Saturday, August 7, 2010

Grete Stern (Ringl)

 Ellen Auerbach, Portrait of Grete Stern (Ringl with Glasses), 1929

Grete Stern (1904-1999) was born in Wuppertal. Her German-jewish family was involved in the textile business. From 1923 to 1925 she studied graphic design at the Kunstgewerbeschule in Stuttgart, but - after seeing an exhibition of Edward Weston and Paul Outerbridge - she was inspired to study photography. In 1927 Stern moved to Berlin where she met photographer Umbo (Otto Umbehr) who in turn sent her to take private lessons with Walter Peterhans, a photographer well known for his meticulously produced still lives. 


 Grete Stern, Ellen & Walter Auerbach, c.1930

In 1928 Peterhans also accepted Ellen Auerbach (Pit) as a student. Stern and Auerbach began a profound friendship that lasted throughout their lifetime. Using the proceeds from an inheritance Stern and Auerbach started a photography studio for advertising, fashion and portrait photography. They thought that calling it “Rosenberg (Ellen’s birth name) and Stern” sounded too much “like a Jewish clothes manufacturer” so they called it ringl+pit, after their childhood nicknames (Ringl for Grete, Pit for Ellen). They decided to sign all their work together. In the early 1930s modern advertising was at its beginning and left ample room for ringl+pit's creative exploration. 


ringl+pit, The Corset, 1929

In 1930 Stern followed Peterhans to Dessau to continue her studies at the Bauhaus until March 1933. There she met an Argentine photographer, Horacio Coppola. In 1933 the Bauhaus closed its doors, hounded by the Nazis. Although not an activist, Grete was sympathetic to leftist movements. With antisemitism becoming more and more aggressive, in early 1934 Stern emigrated to London. She opened a photographic and advertisement studio and also continued her work on portraits, photographing her friends from the community of German exiles, including Bertolt Brecht, Helene Weigel and Karl Korsch. Ellen Auerbach had also to leave Germany and after a brief stay in Palestine joined Stern in London. 


 Grete Stern, The Dancer Margareta Guerrero, Argentina 1945

Grete Stern and Horacio Coppola were married in 1935 and traveled to Argentina, Coppola’s native country, where she lived the rest of her life. Two months after arriving in Argentina, Grete Stern and Horacio Coppola presented what the magazine Sur called “the first serious exhibition of photographic art in Buenos Aires”. Between 1937 and 1941 Stern and Coppola operated a photography and advertising studio in Buenos Aires. In 1940 they moved to a Modernist house built in the outskirts of the city which became a meeting place for young artists and writers, both Argentine and Jewish and political exiles from Europe.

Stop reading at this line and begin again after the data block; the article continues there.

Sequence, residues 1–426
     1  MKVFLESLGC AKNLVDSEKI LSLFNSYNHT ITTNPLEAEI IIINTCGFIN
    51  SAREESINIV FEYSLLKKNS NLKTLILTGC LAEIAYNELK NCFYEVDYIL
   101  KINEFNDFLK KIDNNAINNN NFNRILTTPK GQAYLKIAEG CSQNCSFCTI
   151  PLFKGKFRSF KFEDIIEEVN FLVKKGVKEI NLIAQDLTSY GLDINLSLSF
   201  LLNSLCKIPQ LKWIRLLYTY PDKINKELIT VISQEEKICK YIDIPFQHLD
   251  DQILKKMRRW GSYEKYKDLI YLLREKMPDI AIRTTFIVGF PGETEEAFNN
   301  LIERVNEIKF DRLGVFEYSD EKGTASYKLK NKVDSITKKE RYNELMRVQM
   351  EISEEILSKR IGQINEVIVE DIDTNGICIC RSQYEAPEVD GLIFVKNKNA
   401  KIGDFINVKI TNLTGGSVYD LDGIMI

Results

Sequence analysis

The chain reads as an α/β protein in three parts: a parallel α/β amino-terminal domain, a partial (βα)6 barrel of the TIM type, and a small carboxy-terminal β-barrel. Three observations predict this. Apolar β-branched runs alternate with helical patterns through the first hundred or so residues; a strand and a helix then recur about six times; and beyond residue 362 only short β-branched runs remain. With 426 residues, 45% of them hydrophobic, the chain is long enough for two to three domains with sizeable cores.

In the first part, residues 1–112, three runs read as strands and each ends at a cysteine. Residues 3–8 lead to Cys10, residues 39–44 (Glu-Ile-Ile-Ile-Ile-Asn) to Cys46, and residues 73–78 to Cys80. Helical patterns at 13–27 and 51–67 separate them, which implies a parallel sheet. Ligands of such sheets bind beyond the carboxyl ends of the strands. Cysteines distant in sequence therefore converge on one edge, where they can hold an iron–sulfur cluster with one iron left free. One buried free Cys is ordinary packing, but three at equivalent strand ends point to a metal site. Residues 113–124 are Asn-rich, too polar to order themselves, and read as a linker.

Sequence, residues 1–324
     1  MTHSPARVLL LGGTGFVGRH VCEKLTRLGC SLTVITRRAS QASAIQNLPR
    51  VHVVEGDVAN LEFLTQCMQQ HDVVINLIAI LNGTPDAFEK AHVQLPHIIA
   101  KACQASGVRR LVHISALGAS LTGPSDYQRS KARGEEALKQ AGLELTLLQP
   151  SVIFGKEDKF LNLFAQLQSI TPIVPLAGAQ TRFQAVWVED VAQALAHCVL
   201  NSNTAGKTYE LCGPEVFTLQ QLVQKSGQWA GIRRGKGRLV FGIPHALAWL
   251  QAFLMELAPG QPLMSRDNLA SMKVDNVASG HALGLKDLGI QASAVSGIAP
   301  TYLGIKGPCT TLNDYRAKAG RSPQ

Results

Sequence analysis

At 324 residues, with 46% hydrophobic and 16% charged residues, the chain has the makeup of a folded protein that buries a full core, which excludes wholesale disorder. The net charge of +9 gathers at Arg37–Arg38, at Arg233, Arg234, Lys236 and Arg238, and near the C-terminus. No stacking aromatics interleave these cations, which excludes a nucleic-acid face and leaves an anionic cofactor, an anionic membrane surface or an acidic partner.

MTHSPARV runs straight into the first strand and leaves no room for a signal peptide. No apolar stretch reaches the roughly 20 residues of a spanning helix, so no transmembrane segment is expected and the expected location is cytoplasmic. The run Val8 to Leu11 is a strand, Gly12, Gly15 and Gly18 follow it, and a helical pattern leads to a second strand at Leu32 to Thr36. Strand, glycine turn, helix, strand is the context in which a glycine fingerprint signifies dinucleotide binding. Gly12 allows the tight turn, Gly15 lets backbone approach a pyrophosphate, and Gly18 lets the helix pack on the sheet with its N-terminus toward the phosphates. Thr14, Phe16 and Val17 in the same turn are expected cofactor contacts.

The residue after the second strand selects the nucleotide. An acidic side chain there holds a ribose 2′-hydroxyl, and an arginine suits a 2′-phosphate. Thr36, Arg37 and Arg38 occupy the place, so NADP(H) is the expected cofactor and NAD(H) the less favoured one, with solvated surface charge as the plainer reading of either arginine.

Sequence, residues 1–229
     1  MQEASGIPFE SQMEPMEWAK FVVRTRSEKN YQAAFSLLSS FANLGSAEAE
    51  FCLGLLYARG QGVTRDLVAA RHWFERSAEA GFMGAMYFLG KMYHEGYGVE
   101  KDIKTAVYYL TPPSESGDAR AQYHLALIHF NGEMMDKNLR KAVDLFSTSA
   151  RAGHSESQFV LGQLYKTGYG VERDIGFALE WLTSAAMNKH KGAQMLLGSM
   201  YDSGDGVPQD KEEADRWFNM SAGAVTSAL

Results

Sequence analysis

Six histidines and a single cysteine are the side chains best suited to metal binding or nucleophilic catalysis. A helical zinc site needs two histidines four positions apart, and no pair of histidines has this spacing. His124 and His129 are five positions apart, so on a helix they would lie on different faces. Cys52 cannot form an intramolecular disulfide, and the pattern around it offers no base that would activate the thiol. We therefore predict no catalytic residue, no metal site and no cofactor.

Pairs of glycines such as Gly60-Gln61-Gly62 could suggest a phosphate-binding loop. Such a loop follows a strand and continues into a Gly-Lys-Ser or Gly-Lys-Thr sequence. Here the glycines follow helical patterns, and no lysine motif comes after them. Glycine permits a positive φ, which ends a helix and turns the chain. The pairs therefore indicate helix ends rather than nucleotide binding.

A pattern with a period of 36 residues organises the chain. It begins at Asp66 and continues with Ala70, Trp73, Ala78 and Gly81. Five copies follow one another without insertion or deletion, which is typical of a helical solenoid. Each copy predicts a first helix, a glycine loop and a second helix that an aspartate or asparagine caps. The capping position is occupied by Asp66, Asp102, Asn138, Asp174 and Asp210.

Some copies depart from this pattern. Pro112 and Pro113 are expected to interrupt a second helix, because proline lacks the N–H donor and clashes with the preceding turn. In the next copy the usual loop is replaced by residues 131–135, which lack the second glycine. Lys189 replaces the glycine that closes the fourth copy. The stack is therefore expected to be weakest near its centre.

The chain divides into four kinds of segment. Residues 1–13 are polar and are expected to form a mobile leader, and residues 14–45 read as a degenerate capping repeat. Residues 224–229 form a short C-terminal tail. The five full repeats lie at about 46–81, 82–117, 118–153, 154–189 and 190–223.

Grete Stern, Dream No. 38, 1949

In 1948 Stern was offered the unusual assignment of providing photos for a column on the interpretation of dreams in the popular women’s magazine Idilio. The column, entitled “Psychoanalysis Will Help You,” was a response to dreams sent in by readers, mostly working-class women. It was written by renowned sociologist Gino Germani, who later became a professor at Harvard University. The result was a series of about one hundred and fifty photomontages that show Stern’s avant-garde spirit. In these photomontages she portrays women’s oppression and submission in Argentine society with sarcastic and surreal images. 


 Grete Stern, Indios in the Chaco, Argentina 1964

In 1964 Grete Stern traveled through the northeast of Argentina, producing more than eight hundred photos portraying the lives of the aboriginals of the region. It constitutes the most important photo archive on this subject in Argentina. The suicide of her son Andres in 1965 was a profound shock. Her mother had also taken her life, and Grete herself often suffered from depression.  In 1972 Stern traveled to the United States, England, France and Israel and for the first time since leaving in 1933 she Germany. In 1975 the Bauhaus-Archiv in Berlin organized the first photographic exhibition after the war, which included Stern’s work. In 1979 Gert Sander, August Sander’s grandson, began representing the ringl+pit work.


 Nils Fonstad, Ellen Auerbach and Grete Stern in New York, 1992

Grete Stern continued her studio work doing portraits and landscapes until 1980, when she stopped due to failing eyesight. “Photography has given me great happiness. I learned a lot and was able to say things I wanted to say and show,” said Stern in 1992. Grete Stern died in Buenos Aires on December 24, 1999 at the age of ninety-five. You can see more photos by Grete Stern here. A documentary ''Ringl and Pit,'' completed in 1995 by Juan Mandelbaum, has been quietly attracting attention and praise, largely through an international network of screenings in museums and festivals. You can order the DVD here.

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